So how do we build a good relationship and reputation with our clients? We need to deliver the scope within the estimated time, cost and sufficient quality. Reporting and risk management should also be at the highest level when talking about a good client relationship. Having in mind that things will change during the course of the project, we need to constantly manage client expectations.
But not only client relationship is important for a successful project. The team behind it has to be nurtured as well along the way — team relationship. This has to do with the company’s culture, not pointing fingers when something goes wrong, keeping everyone up-to-date with the project’s health and progress, and most of all, maintaining a razor sharp focus on the end goal. So as a Project Manager, you have to make sure that expectations are aligned not only with the client but also with the team within the company or any other external stakeholders.
When talking about expectations, it is important to understand the difference between time and effort especially when communicating plans with clients. For example in most cases if you tell a client that something would take 4 months of effort, in their head that immediately means in the span of 4 months. This is quite wrong, because you have to take into account consecutive phases/tasks, risks, lags, etc. It seems pretty obvious when we bring it up, but often this gets neglected and the relationship suffers when it turns out that instead of 4 months the project is delivered in 5.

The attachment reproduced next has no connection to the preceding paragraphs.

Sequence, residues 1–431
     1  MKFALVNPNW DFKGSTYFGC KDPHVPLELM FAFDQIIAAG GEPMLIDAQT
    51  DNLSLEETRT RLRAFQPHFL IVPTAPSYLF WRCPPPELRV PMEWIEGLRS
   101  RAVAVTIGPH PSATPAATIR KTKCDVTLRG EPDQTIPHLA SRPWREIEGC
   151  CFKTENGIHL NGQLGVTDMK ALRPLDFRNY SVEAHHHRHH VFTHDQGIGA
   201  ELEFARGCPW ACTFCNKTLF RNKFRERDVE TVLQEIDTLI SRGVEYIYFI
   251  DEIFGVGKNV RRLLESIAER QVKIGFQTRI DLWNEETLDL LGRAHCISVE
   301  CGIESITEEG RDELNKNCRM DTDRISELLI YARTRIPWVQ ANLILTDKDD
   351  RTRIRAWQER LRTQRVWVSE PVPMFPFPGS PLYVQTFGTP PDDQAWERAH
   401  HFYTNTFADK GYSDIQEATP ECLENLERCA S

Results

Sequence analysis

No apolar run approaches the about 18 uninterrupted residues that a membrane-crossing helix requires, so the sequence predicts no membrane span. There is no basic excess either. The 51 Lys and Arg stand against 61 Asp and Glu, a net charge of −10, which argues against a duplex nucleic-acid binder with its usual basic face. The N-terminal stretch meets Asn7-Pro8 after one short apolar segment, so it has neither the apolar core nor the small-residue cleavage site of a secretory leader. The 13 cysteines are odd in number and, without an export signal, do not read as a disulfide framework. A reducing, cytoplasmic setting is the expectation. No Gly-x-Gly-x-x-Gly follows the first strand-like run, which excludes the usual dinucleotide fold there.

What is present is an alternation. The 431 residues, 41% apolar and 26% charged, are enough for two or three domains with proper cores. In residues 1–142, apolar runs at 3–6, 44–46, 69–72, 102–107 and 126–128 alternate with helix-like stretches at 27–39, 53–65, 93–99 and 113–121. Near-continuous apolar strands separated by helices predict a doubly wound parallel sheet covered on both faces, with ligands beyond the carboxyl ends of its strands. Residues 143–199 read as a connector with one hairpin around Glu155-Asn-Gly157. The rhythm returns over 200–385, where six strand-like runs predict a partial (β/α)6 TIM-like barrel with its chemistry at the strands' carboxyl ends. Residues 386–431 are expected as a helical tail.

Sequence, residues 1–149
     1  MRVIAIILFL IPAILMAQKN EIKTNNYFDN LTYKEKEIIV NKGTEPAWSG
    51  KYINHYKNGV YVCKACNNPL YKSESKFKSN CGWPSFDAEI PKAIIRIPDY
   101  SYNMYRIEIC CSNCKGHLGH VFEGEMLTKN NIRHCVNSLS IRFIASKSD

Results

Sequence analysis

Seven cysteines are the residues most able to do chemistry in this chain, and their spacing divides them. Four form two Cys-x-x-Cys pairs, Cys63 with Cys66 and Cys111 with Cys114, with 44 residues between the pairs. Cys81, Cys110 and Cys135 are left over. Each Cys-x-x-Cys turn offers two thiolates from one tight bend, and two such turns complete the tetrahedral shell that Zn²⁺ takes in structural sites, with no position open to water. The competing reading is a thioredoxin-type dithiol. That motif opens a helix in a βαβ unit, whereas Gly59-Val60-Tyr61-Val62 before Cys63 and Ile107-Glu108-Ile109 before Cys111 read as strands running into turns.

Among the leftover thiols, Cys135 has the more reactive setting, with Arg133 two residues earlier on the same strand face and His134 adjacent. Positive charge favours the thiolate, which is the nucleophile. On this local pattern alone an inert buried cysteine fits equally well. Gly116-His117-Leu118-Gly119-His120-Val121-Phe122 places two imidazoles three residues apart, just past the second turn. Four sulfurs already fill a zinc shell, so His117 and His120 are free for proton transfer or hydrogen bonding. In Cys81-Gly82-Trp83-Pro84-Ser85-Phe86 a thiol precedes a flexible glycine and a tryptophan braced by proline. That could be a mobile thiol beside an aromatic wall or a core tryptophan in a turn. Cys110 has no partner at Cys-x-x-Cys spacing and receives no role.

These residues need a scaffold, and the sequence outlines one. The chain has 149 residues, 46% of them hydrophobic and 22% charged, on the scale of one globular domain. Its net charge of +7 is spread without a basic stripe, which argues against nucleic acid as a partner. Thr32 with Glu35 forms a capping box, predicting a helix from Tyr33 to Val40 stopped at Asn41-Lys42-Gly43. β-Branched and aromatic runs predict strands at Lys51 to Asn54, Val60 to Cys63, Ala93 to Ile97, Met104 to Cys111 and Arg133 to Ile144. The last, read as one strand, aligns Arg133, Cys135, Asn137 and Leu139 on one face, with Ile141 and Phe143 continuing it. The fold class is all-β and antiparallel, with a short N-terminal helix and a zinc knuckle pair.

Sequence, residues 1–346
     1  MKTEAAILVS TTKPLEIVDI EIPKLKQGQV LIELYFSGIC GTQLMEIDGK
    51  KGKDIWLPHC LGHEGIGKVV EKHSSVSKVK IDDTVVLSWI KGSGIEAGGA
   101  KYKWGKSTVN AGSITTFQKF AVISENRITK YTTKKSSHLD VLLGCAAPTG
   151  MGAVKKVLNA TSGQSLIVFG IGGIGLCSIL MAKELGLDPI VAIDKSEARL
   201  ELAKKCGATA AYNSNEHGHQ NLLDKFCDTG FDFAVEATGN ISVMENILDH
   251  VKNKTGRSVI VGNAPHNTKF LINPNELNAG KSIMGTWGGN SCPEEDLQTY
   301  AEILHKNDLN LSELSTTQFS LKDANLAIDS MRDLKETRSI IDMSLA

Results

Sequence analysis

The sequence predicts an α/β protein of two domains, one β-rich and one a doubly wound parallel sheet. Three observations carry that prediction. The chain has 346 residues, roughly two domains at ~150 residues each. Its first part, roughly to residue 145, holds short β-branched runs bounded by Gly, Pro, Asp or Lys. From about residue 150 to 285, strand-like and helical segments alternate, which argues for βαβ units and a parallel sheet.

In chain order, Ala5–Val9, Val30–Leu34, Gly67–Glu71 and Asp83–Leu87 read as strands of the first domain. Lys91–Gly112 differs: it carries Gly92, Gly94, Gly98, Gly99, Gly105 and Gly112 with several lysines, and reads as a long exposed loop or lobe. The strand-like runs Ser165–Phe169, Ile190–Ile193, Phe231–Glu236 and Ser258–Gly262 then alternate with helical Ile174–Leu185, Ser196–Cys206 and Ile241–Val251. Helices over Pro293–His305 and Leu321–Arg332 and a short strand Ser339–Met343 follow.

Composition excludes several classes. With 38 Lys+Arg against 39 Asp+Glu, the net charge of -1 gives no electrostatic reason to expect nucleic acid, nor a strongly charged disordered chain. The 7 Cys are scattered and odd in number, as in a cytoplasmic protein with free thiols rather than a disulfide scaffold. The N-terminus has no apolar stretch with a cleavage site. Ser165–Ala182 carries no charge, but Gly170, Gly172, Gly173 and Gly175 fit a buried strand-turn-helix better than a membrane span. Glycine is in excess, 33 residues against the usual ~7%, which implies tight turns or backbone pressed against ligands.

How to manage client expectations?
The whole idea of the project management diamond is to put emphasis on customer expectations.
Everyone wants their projects to be fast, cheap and good. But the reality is that most projects won’t have the budget to be delivered with top quality and on time. In most cases, we’ll need to weigh one constraint against the other and reach the best possible outcome.
Juggling with those constraints and making decisions on your own can be catastrophic to the project and client relationship. As a Project Manager, your job is to monitor all verticals, report to stakeholders on a regular basis and discuss possible outcomes.
I strongly believe that client expectations should be set during the Sales phase so there are no bad surprises at the start, but if you’ve missed your chance, the next would be the kick-off meeting (I’ll create another article about it). As a Project Manager, you should educate your client on the importance of the triple constraint, work together to create the best balance and be aware of any changes to the cost, time and scope.
As a good practice would be to set weekly calls meetings between you and the client to discuss the overall project health and status. Avoid e-mails to discuss important topics. I use e-mails to confirm what was discussed in our meeting call only. If the topic is more sensitive, even consider a physical meeting.
Velislav Ivanov is a Project Manager & Operations Coach. Certified Scrum Master who is passionate about helping people implement/improve processes and adopt Agile. He has also had the opportunity to develop training and consulting skills in 100+ sessions.